TR(1) Commands and Applications TR(1)
tr - translate characters
tr [-cs] string1 string2
tr [-c] -d string1
tr [-c] -s string1
tr [-c] -ds string1 string2
The tr utility copies the standard input to the standard output with
substitution or deletion of selected characters.
The following options are available:
-c Complements the set of characters in string1, that is
''-c ab'' includes every character except for ''a'' and
-d The -d option causes characters to be deleted from the
-s The -s option squeezes multiple occurrences of the char-
acters listed in the last operand (either string1 or
string2) in the input into a single instance of the char-
acter. This occurs after all deletion and translation is
In the first synopsis form, the characters in string1 are translated
into the characters in string2 where the first character in string1 is
translated into the first character in string2 and so on. If string1
is longer than string2, the last character found in string2 is dupli-
cated until string1 is exhausted.
In the second synopsis form, the characters in string1 are deleted from
In the third synopsis form, the characters in string1 are compressed as
described for the -s option.
In the fourth synopsis form, the characters in string1 are deleted from
the input, and the characters in string2 are compressed as described
for the -s option.
The following conventions can be used in string1 and string2 to specify
sets of characters:
Any character not described by one of the following con-
ventions represents itself.
\octal A backslash followed by 1, 2 or 3 octal digits represents
a character with that encoded value. To follow an octal
sequence with a digit as a character, left zero-pad the
octal sequence to the full 3 octal digits.
A backslash followed by certain special characters maps
to special values.
\a <alert character>
\r <carriage return>
\v <vertical tab>
A backslash followed by any other character maps to that charac-
c1-c2 Represents the range of characters between the range end-
Represents all characters belonging to the defined char-
acter class. Class names are:
alnum <alphanumeric characters>
alpha <alphabetic characters>
blank <\t, '' ''>
cntrl <control characters>
digit <numeric characters>
graph <graphic characters>
lower <lower-case alphabetic characters>
print <printable characters>
punct <punctuation characters>
space <\t, \n, \v, \f, \r, '' ''>
upper <upper-case characters>
xdigit <hexadecimal characters>
With the exception of the ''upper'' and ''lower'' classes, char-
acters in the classes are in unspecified order. In the
''upper'' and ''lower'' classes, characters are entered in
For specific information as to which ASCII characters are
included in these classes, see ctype(3) and related manual
Represents all characters or collating (sorting) elements
belonging to the same equivalence class as equiv. If
there is a secondary ordering within the equivalence
class, the characters are ordered in ascending sequence.
Otherwise, they are ordered after their encoded values.
An example of an equivalence class might be ''c'' and
''ch'' in Spanish; English has no equivalence classes.
Note: because the functions in locale.h are not imple-
mented for the Apple IIGS, English is the only supported
[#*n] Represents n repeated occurrences of the character repre-
sented by #. This expression is only valid when it
occurs in string2. If n is omitted or is zero, it is be
interpreted as large enough to extend string2 sequence to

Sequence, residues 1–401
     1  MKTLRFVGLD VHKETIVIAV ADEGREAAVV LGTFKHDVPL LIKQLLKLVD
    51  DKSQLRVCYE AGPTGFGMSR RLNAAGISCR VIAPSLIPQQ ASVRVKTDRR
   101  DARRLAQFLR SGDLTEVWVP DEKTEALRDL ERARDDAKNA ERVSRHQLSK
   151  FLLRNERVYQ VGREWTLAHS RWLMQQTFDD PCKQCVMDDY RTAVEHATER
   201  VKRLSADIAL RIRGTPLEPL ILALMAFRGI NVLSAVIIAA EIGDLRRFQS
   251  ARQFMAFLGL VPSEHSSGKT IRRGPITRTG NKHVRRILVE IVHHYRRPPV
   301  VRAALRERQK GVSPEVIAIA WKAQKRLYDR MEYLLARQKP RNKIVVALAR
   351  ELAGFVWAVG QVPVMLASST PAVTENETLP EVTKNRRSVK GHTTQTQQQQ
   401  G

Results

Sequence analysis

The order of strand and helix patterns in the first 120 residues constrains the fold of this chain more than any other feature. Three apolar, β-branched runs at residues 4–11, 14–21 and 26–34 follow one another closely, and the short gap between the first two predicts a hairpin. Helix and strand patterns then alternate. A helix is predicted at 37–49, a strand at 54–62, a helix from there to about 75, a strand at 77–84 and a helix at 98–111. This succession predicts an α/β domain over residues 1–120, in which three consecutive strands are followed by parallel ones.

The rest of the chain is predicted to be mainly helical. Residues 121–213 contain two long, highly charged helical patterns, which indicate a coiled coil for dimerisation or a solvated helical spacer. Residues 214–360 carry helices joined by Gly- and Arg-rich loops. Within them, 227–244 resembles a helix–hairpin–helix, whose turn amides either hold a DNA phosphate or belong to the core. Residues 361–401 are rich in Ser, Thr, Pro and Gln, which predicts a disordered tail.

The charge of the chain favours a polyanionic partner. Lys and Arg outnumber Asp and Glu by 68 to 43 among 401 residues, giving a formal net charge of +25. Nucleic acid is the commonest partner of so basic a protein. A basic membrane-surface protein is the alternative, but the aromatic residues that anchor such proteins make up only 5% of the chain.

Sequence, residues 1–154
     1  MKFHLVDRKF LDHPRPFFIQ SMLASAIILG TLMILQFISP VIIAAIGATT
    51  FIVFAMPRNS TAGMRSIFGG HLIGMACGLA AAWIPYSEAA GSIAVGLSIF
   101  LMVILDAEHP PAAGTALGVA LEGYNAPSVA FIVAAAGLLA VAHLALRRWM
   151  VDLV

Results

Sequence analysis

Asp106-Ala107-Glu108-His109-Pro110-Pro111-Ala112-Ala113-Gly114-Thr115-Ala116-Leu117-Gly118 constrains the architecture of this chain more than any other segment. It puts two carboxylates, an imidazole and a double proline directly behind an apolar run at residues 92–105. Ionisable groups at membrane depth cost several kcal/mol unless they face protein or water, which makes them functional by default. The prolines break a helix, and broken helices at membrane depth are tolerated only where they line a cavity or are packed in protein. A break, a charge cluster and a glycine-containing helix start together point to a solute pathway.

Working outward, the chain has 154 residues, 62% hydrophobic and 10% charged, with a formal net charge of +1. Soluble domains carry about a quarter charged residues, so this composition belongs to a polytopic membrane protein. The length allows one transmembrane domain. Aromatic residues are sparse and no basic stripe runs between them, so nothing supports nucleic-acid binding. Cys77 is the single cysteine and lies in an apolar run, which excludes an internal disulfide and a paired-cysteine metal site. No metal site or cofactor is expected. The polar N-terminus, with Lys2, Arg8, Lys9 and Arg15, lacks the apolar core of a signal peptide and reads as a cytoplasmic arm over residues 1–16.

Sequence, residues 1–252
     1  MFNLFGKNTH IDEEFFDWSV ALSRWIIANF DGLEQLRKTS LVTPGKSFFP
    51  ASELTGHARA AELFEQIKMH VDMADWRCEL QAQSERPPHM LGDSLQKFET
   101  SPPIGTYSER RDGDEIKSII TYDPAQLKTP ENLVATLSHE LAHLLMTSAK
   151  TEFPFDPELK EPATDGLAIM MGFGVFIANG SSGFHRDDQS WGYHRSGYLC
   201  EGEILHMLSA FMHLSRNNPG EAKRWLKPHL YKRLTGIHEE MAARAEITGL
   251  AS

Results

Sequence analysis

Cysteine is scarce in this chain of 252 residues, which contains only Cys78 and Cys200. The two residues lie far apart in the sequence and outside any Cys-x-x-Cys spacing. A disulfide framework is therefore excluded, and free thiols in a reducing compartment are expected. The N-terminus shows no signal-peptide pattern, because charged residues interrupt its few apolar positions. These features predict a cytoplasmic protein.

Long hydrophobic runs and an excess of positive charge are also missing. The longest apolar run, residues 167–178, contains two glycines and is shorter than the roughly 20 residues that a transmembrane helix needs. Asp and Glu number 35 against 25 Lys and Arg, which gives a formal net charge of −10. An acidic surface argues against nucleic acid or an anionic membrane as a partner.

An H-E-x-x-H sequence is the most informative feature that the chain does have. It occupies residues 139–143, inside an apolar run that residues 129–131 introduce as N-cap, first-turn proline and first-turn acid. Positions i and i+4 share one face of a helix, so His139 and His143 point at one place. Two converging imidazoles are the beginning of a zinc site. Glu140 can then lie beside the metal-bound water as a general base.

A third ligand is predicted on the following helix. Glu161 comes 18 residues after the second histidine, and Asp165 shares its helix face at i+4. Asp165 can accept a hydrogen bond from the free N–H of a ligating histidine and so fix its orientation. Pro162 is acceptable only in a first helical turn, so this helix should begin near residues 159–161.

the length of string1. If n has a leading zero, it is
interpreted as an octal value, otherwise, it's inter-
preted as a decimal value.
The tr utility exits 0 on success, and >0 if an error occurs.
The following examples are shown as given to the shell:
Create a list of the words in file1, one per line, where a word is
taken to be a maximal string of letters.
tr -cs '[:alpha:]' '\n' < file1
Translate the contents of file1 to upper-case.
tr '[:lower:]' '[:upper:]' < file1
Strip out non-printable characters from file1.
tr -cd '[:print:]' < file1
System V has historically implemented character ranges using the syntax
''[c-c]'' instead of the ''c-c'' used by historic BSD implementations
and standardized by POSIX. System V shell scripts should work under
this implementation as long as the range is intended to map in another
range, i.e. the command ''tr [a-z] [A-Z]'' will work as it will map the
''['' character in string1 to the ''['' character in string2. However,
if the shell script is deleting or squeezing characters as in the com-
mand ''tr -d [a-z]'', the characters ''['' and '']'' will be included
in the deletion or compression list which would not have happened under
an historic System V implementation. Additionally, any scripts that
depended on the sequence ''a-z'' to represent the three characters
''a'', ''-'' and ''z'' will have to be rewritten as ''a\-z''.
The tr utility has historically not permitted the manipulation of NUL
bytes in its input and, additionally, stripped NUL's from its input
stream. This implementation has removed this behavior as a bug.
The tr utility has historically been extremely forgiving of syntax
errors, for example, the -c and -s options were ignored unless two
strings were specified. This implementation will not permit illegal
The tr utility is expected to be POSIX.2 compatible. It should be
noted that the feature wherein the last character of string2 is dupli-
cated if string2 has less characters than string1 is permitted by POSIX
but is not required. Shell scripts attempting to be portable to other
POSIX systems should use the ''[#*]'' convention instead of relying on
This manual page documents tr version 2.0.
This command was ported from FreeBSD source code for distribution with
Version 1.0 (November 3, 1994) of tr was written by Thomas. R. Wyant
III and distributed as a separate package compatible with GNO and ORCA.
GNO August 1997 TR(1)
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